Charter Commission Adopts 6 Proposals, Including Abolition of Maui Planning Commission
* Updated October 28, 5:52 AM
After hearing nearly two hours of public testimony at a virtual meeting Oct. 21, the Maui Charter Commission adopted six charter amendment proposals, which if approved by voters in 2022, will significantly alter how the County Planning Department functions.
The adopted proposals include:
- Abolition of the Maui Planning Commission
- Creation of a separate Planning Commission for each Community Plan area on Maui island
- Creating the framework for “Community Boards” similar to Honolulu’s neighborhood boards system
- Removing language that excludes the Kalaupapa Settlement from the jurisdiction of the Molokaʻi Planning Commission’s purview
- Including the cultural resources commission in the charter and requiring referral of certain matters to them
- Requiring the Planning Director to create an inventory of all historically and culturally significant features on County controlled lands
The 11-citizens Maui Charter Commission is in the midst of a year-long review of the County Charter, which takes place every 10 years. The goal is to improve County government by looking for problems or deficiencies in the way the County now operates or seeking new ways to improve the system of local government by amending the County Charter. The public is encouraged to provide input on the agenda topics and other important matters.
Ten proposals related to planning and land use law processes remain for consideration at the Commission’s next meeting on November 4. The proposals range from modifying the general and community planning process to clarifying deadlines for various reviews of proposed land use laws.
Here is a synopsis of the action taken by the Commission at last week’s meeting:
- The Commission adopted proposal G-01, which supports the call for more local representation in the planning process. It abolishes the present Maui Planning Commission and creates regional planning commissions for each community plan area on Maui. Each regional planning commission would be made up of seven appointed residents of that community planning area. The proposal would create a planning commission for each community plan district except Kaho‘olawe – which would be combined with the South Maui region. The existing Planning Commissions on Lana‘I and Moloka‘I would be unchanged.
- The Commission supported calls for increased citizen involvement by adopting a framework for the establishment of elected community boards similar to Honolulu’s neighborhood board system. These advisory bodies would be focal points for community information and feedback regarding projects and issues related to each community. Former Maui County Information Officer, Lloyd Yonenaka, who now serves as the Executive Secretary of the Honolulu Neighborhood Commission, acted as a resource person for the Commission.
- The Commission unanimously approved language to remove the exclusion of the Kalaupapa Settlement from the jurisdiction of the Moloka‘i Planning Commission. Currently, the Kalaupapa Settlement is not subject to any coastal zone SMA (Special Management Area) regulations. Numerous testifiers indicated that returning Kalaupapa to local control is a top priority and fixing the language in the Charter will eliminate one of the obstacles.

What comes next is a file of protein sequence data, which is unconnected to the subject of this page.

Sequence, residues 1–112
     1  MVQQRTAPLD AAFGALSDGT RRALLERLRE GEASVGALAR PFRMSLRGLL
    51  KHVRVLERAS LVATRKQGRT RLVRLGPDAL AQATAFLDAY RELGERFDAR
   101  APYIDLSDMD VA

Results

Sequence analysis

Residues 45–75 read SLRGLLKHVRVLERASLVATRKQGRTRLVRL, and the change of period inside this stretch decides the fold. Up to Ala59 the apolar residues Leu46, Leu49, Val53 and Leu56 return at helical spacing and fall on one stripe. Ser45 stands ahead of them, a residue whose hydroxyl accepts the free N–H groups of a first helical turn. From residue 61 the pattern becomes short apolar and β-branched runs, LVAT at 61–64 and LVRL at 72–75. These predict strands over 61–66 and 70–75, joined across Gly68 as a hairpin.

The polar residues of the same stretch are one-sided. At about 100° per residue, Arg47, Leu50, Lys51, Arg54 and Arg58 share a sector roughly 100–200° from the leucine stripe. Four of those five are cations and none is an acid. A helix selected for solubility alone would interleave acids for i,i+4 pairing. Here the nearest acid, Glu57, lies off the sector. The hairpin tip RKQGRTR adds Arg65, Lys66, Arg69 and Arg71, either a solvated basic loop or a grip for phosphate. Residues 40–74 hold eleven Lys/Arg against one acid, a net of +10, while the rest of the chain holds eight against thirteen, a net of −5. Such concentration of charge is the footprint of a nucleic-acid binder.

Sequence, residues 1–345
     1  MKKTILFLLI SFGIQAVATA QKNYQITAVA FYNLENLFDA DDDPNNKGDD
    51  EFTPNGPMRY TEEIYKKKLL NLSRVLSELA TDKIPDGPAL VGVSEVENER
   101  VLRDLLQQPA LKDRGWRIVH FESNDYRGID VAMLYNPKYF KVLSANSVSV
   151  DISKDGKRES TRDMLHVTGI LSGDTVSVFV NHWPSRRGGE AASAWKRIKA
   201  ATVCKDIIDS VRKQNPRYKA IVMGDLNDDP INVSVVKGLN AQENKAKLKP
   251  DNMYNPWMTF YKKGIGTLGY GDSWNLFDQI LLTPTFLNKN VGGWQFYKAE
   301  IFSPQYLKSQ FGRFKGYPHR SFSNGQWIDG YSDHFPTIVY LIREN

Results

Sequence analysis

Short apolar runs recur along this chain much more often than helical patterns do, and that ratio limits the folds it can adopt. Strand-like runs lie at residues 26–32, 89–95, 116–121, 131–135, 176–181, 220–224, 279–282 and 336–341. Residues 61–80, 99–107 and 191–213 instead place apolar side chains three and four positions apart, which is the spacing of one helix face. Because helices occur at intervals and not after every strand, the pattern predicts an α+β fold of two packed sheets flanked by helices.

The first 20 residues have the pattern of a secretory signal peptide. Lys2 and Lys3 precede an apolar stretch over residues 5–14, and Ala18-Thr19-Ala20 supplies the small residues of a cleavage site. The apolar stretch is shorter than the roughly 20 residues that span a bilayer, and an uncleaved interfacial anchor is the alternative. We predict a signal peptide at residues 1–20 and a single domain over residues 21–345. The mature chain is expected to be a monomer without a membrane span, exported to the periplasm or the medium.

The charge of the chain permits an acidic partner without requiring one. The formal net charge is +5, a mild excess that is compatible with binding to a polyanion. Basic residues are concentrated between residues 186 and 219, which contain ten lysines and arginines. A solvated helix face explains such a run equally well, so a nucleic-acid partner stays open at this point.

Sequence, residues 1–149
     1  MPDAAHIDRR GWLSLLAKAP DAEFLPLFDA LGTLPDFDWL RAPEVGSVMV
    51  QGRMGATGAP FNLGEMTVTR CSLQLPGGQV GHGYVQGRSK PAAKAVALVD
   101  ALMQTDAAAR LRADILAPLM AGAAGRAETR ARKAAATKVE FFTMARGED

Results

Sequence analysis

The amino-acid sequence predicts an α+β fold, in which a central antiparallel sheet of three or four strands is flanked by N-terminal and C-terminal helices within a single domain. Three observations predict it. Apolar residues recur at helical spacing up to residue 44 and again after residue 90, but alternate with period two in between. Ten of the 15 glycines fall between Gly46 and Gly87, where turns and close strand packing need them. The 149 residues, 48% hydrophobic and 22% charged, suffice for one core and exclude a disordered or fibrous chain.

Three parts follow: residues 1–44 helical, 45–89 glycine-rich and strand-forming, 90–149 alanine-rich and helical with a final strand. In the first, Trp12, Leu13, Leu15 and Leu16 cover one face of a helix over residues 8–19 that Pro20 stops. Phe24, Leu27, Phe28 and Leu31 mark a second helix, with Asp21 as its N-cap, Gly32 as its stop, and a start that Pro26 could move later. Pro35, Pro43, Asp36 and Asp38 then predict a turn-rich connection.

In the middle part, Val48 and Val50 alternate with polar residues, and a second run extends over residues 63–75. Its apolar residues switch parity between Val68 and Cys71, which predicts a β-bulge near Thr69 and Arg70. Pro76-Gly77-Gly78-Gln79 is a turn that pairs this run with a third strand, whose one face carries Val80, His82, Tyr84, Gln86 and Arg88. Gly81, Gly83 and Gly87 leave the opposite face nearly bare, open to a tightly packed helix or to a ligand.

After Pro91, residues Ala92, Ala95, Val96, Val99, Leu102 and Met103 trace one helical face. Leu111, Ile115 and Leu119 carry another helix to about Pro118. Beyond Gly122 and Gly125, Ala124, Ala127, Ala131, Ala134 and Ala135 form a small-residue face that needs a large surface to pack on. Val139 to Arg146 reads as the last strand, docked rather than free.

- The Commission approved three proposals from the Cultural Resources Commission. The first would establish the Cultural Resources Commission in the charter. The Cultural Resources Commission was established decades ago by state law to oversee the county’s historic preservation program. However, it is presently established only by ordinance. The second proposal requires projects involving historic and culturally significant properties to be referred to the Cultural Resources Commission for its review. The third proposal would task the planning director with creating and maintaining an inventory of all historical and culturally significant features on County controlled lands.
- The Commission did not adopt a proposal to abolish the Board of Variances and Appeals. The proposal would have transferred its duties to the various planning commissions.
The Commission already has adopted a variety of other charter amendment proposals that will appear before voters on the November 2022 ballot, but several important issues remain. At the next meeting, in addition to the remaining planning agenda items, the Commission also expects to consider the next theme regarding the police. Several proposals involve making the police commission a citizen oversight board, and others call for higher minimum qualifications for the police chief.
The Commission also still has to address changes to the executive branch, miscellaneous matters and new proposals.
The community is urged to visit the Charter Commission website http://www.mauicounty.gov/CharterCommission and learn about upcoming proposals, as well as those already adopted.
During Charter Commission meetings, the public can provide testimony via video or by telephone as the Commission takes up the various Themes on its agenda. Agenda items are subject to cancellation and are taken up in the order listed, as time permits. The Commission receives testimony on the topics on its agenda moving from one “Theme” to the next.
Written testimony via email can also be submitted at any time to [email protected]. To ensure timely distribution to the Commissioners, it should be submitted at least two business days prior to the meetings. The public also can offer recommendations at mauichartersurvey.org. Due to COVID-19 restrictions, public meetings are held online via BlueJeans. For more information and to join Maui Charter Commission meetings follow the link on the Commission website.